Janelle Shane - You Look Like a Thing and I Love You: How Artificial Intelligence Works and Why It's Making the World a Weirder Place (2019)
William Makepeace Thackeray - Vanity Fair: A Novel Without a Hero (1848)
Ivy Noelle Weir & Steenz - Archival Quality (2018)
Martha Wells - Network Effect (2020)
G. Willow Wilson - The Butterfly Mosque: A Young Woman's Journey to Love and Islam(2010)
John Woolf - The Wonders: The Extraordinary Performers Who Transformed the Victorian Age (2019)

Sunday, January 3, 2021

Movies 2020


Movies 2020

As I’ve done for years (decades?) with anything seen for the first time from January 1 to December 31 eligible. First batch “best” - second “honorable”.

As far as I’m concerned La Flor is the peak. It’s the only film I’ve seen in years that as soon as it finished I wanted to watch it again. (No Bluray scheduled but it’s currently streaming on Criterion Channel.)

La Flor (Mariano Llinás 2018)

The Terrorizers (Edward Yang 1986)

The Balloon (Yuzo Kawashima 1956)

Our Daily Bread (Mani Kaul 1970)

Cock and Bull (Cao Baoping 2016)

Guilty Bystander (Joseph Lerner 1950)

Venom and Eternity (Isidore Isou 1951)

One Cut of the Dead (Shinichiro Ueda 2017)

Blood on the Moon (Robert Wise 1948)

Don't Torture a Duckling (Lucio Fulci 1972)

The Witch Who Came from the Sea (Matt Cimber 1976)

Woman Chasing the Butterfly of Death (Kim Ki-Young 1978)

#QuarantineMob Rocknmob “In The End - Linkin Park” (Petr Sterlikov 2020)

Day of the Outlaw (Andre de Toth 1959)

Antrum: The Deadliest Film Ever Made (David Amito & Michael Laicini 2018)

The Bird with the Crystal Plumage (Dario Argento 1970)

Blonde Crazy (Roy Del Ruth 1931)

Bone Tomahawk (S. Craig Zahler 2015)

Django (Sergio Corbucci 1966)

A Fool (Chen Jianbin 2014)

The Forbidden Photos of a Lady Above Suspicion (Luciano Ercoli 1970)

Gilda (Charles Vidor 1946)

The Hellbenders (Sergio Corbucci 1967)

Holy Motors (Leos Carax 2012)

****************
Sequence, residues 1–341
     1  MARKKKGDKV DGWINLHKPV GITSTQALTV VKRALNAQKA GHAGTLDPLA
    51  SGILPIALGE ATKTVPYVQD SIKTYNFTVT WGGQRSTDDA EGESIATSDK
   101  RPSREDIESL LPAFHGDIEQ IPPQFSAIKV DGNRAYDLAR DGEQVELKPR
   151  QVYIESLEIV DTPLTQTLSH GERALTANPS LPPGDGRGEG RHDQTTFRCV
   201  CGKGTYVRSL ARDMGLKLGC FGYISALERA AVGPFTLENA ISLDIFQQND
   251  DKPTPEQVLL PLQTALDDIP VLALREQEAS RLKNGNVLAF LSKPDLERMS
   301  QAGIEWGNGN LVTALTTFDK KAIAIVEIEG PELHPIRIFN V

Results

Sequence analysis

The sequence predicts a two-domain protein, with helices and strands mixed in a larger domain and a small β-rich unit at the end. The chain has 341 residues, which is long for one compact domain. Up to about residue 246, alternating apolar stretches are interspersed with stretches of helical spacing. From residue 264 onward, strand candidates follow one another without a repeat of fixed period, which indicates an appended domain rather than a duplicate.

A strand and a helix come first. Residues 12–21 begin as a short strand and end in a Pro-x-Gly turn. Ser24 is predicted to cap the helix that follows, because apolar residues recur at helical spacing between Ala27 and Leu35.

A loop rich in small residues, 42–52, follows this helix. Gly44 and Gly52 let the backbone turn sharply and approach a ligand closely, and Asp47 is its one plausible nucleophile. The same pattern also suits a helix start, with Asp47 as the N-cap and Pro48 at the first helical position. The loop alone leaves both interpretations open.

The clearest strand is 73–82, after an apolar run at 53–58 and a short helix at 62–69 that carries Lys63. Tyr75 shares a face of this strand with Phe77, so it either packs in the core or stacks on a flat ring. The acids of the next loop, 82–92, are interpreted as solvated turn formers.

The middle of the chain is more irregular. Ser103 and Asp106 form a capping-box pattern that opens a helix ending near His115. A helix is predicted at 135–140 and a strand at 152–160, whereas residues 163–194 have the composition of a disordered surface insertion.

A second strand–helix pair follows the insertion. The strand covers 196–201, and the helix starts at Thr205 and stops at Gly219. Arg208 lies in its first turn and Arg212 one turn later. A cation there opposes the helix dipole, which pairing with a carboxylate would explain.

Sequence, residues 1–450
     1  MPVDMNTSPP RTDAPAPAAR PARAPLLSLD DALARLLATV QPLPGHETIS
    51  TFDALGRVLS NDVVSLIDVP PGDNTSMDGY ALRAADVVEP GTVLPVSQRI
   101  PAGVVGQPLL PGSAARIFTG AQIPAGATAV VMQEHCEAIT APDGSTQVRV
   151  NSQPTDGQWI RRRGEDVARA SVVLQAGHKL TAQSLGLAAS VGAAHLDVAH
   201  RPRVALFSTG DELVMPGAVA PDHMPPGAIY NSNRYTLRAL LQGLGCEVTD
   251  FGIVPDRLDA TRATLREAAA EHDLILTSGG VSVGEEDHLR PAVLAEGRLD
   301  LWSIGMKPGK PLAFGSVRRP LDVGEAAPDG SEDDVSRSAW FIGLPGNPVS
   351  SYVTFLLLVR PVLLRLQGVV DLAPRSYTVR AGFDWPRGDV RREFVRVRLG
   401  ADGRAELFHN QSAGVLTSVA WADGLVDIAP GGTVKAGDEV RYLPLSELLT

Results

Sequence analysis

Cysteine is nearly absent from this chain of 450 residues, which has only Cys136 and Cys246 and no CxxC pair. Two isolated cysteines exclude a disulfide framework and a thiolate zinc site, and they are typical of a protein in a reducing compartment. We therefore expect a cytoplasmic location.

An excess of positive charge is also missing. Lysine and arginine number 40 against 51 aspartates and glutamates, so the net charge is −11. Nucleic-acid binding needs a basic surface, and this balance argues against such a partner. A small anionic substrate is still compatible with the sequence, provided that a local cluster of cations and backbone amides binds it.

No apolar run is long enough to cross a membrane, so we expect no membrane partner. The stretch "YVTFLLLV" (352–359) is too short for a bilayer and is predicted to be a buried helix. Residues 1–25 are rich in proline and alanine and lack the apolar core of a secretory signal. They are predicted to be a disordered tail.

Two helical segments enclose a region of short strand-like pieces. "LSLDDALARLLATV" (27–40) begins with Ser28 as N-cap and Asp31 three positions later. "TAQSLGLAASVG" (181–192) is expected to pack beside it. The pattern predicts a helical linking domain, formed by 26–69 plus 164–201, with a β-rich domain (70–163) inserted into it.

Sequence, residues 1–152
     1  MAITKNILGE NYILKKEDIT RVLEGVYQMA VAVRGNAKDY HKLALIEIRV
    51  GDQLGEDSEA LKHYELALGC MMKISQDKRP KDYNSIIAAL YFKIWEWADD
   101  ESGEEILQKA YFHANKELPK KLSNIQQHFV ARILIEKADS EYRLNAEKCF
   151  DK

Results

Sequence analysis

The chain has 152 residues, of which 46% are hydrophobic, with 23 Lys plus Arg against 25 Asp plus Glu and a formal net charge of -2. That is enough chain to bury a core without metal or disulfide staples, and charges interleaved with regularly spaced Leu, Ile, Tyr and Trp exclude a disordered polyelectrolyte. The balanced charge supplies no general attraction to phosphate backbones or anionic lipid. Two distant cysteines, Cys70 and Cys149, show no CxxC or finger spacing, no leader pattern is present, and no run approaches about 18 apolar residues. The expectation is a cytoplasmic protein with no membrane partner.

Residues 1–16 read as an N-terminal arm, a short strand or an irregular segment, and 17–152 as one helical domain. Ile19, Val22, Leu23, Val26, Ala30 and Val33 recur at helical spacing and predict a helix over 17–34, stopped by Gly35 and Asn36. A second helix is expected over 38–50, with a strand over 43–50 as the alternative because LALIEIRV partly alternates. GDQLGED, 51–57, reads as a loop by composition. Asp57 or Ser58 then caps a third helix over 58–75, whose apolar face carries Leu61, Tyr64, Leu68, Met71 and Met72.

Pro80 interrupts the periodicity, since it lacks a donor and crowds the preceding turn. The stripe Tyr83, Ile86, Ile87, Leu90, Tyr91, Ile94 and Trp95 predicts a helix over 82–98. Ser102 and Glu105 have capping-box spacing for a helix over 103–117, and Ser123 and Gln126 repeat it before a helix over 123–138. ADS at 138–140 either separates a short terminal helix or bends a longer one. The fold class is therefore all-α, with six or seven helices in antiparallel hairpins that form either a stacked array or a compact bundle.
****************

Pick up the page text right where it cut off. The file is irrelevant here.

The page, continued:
India Song (Marguerite Duras 1975)

Jojo Rabbit (Taika Waititi 2019)

The Miracle of the Sargasso Sea (Syllas Tzoumerkas 2019)

Mission: Impossible: Fallout (Christopher McQuarrie 2018)

The Nude Vampire (Jean Rollin 1970)

Our Town (Yuzo Kawashima 1956)

Pirotecnia / Mute Fire (Federico Atehortúa Arteaga 2019)

Rocknmob Moscow “I Was Made For Lovin' You – KISS” (Eugene Zhamoydik 2019)

Sun in the Last Days of the Shogunate (Yuzo Kawashima 1957)

Suzaki Paradise: Red Light District (Yuzo Kawashima 1956)

Union Depot (Alfred E. Green 1932)

Wind (Marcell Iványi 1996)

Saturday, July 25, 2015

EVE Online

Somebody at work calls EVE Online "that mining game."  She also says that if I ever start playing they'll never see me again  That neatly sums up the prevailing opinion - it's incredibly tedious, it's incredibly addictive.

So I've given it a week now and have yet to find the addictive part.  It has the steepest learning curve of any game I've ever encountered and the most annoying thing is that this is deliberate.  One of the tutorials usually can't be completed at night because other players have destroyed the needed material during the day but there's no indication of that.  For a tutorial!  I learned from a website comment discovered when trying to find out what I was doing wrong (nothing as it turned out).

Other tutorials are even worse.  For example, the one that's supposed to teach you how to do a mission basically just says do a mission.  There's nothing helpful about how to acquire one (which is not at all obvious) or how to get where you need to go (also not obvious).  And one I tried was listed as beginner but some Internet posts later informed me it's basically impossible for beginners.  Two of the "easy" ones I never could figure out which can't be good in general since I'm a very experienced gamer (going back literally to Pong).  If I have trouble what about curious people who might just want to give this a try?